All British Columbians over the age of 12 are required to wear a mask or face covering while visiting indoor public spaces or face a $230 fine, according to the details of a provincial mask mandate released Tuesday afternoon.

“We’ve entered a second wave of COVID-19 in British Columbia and additional steps need to be taken to protect our health,” said Mike Farnworth, Minister of Public Safety and Solicitor General, in a statement.

“Last week, the PHO provided guidance that masks should be worn in all indoor public places. This new order under the EPA will ensure we have the tools necessary to enforce the mask mandate as recommended by the PHO.”

Under the Emergency Program Act (EPA), which applies for as long as BC remains under a state of emergency, masks are officially required to be worn by everyone over the age of 12 in many indoor public settings.

Some examples of these settings include:

  • malls, shopping centres, coffee shops, and retail and grocery stores
  • liquor and drug stores
  • airports, city halls, libraries, community and recreation centres
  • restaurants, pubs and bars
  • places of public worship
  • on public transportation, in a taxi or ride-sharing vehicle
  • common areas of office buildings, court houses, hospitals and hotels
  • common areas of sport and fitness centres when not engaged in physical activity
  • common areas of post-secondary institutions and non-profit organizations.

More orders are expected to be issued to mandate mask use in common areas of apartment buildings, condos and workplaces.

According to the statement, this first order only covers situations in which strangers often interact.

For the purposes of this order, people are required to wear a mask or face covering that is medical or non-medical and covers both the nose and mouth. Face shields do not count.

Anyone who cannot wear a mask for a psychological, behavioural or health condition, or due to a physical, cognitive or mental impairment is exempt from this order, as is anyone who requires someone else to help them put on a mask.

Masks are not recommended for children under two years old. For children between the ages of two and 12, mask use is recommended. Anyone above the age of 12 must wear a mask in the aforementioned settings.

This order does allow people to temporarily remove their face covering to provide identification, consume food or drinks at an establishment that offers dine-in, while participating in a sport or fitness activity in a sport facility, or while receiving a personal or health service that requires the mask to be removed.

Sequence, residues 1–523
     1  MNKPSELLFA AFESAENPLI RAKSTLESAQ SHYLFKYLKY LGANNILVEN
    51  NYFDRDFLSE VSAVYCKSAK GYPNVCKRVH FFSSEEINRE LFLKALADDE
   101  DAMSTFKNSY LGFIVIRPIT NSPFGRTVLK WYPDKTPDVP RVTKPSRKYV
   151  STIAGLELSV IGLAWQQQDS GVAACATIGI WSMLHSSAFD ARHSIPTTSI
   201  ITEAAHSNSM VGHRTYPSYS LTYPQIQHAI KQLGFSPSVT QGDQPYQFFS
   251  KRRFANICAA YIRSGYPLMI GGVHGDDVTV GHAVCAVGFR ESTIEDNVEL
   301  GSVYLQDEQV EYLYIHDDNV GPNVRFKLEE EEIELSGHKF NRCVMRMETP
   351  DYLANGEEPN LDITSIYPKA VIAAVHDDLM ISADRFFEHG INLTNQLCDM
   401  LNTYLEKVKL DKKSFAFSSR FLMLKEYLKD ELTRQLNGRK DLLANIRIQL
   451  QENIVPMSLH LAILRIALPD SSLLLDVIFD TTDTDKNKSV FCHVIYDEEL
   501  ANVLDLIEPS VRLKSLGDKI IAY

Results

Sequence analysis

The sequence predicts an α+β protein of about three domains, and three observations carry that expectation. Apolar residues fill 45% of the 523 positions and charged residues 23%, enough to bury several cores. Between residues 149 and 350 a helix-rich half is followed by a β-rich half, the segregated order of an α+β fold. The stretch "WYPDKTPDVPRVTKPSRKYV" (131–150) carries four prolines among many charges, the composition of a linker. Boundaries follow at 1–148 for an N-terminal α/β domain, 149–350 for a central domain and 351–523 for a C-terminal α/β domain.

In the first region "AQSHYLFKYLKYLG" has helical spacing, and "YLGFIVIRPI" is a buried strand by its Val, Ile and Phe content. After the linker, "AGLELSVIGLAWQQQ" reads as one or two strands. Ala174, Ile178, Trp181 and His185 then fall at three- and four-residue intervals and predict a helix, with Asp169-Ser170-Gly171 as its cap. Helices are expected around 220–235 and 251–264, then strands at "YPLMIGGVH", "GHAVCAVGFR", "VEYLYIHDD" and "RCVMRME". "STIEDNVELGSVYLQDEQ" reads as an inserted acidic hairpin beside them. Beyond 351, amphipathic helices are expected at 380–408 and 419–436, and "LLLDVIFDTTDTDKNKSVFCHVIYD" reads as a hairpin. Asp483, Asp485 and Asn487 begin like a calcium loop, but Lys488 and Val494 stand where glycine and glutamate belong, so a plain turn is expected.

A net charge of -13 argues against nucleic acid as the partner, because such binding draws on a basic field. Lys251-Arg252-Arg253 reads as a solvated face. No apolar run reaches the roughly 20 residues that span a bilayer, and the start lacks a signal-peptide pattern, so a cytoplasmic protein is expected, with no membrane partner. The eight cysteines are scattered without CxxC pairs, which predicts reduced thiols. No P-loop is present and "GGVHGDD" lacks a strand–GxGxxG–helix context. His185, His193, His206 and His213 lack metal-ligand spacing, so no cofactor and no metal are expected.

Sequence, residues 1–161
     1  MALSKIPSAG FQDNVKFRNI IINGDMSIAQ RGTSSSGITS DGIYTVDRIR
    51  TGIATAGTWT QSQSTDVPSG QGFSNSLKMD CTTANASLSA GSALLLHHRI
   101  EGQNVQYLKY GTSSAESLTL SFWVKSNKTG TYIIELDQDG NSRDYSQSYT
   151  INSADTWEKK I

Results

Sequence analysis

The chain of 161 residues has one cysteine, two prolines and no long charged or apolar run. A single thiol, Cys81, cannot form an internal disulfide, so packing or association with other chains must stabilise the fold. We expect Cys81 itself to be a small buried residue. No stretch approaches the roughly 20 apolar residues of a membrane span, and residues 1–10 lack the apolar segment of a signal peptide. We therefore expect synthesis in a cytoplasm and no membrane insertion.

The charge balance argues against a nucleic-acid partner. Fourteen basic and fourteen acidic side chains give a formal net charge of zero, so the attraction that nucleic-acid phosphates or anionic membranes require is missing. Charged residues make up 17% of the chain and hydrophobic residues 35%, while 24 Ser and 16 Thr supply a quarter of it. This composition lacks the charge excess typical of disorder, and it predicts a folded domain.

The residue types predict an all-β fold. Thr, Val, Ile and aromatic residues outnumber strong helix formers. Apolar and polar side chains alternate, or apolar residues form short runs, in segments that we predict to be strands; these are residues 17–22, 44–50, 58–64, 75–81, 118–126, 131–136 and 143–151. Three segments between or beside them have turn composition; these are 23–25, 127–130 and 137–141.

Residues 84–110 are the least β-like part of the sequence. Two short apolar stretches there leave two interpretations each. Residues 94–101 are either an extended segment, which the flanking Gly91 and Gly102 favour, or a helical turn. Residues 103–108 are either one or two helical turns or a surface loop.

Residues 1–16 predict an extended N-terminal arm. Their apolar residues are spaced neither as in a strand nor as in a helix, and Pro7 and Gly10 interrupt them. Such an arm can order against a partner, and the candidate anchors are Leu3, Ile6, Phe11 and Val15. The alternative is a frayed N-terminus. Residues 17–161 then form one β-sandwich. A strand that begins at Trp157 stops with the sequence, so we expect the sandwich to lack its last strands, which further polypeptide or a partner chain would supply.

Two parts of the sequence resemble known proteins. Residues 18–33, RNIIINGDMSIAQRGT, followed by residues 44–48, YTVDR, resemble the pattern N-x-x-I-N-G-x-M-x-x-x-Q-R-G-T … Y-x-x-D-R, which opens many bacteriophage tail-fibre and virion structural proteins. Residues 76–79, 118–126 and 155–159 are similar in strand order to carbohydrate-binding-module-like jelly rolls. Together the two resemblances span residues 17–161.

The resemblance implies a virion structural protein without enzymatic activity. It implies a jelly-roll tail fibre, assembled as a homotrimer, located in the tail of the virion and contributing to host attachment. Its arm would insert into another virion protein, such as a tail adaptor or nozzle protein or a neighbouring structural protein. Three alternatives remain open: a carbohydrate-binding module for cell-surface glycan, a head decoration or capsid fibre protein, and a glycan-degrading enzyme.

According to Farnworth, businesses are asked to review their COVID-19 safety plans to provide signage about the mandatory mask policy and let customers know about the new requirements.

“Of course, despite any range of efforts, some people will break the rules knowing full well what they’re doing,” the Minister added.

“These measures give police and other enforcement officials the tools to intervene with and penalize problematic individuals and groups.”

Anyone who does not comply with the new order, refuses to leave the space or responds with aggressive behaviour, even after being directed to follow the rules by an enforcement officer, could be subject to a $230 fine.

If violation tickets do not act as a deterrent, or in cases of particularly egregious contraventions or for repeat offenders, police can recommend charges in relation to the offence.

Those who wish to report non-compliance of this order can do so by calling their local government’s bylaw office.

Bylaw officers can then engage police or WorkSafeBC as required. Those who are unable to reach bylaw can contact their local police department using the non-emergency line.

This mandatory mask order takes effect immediately.

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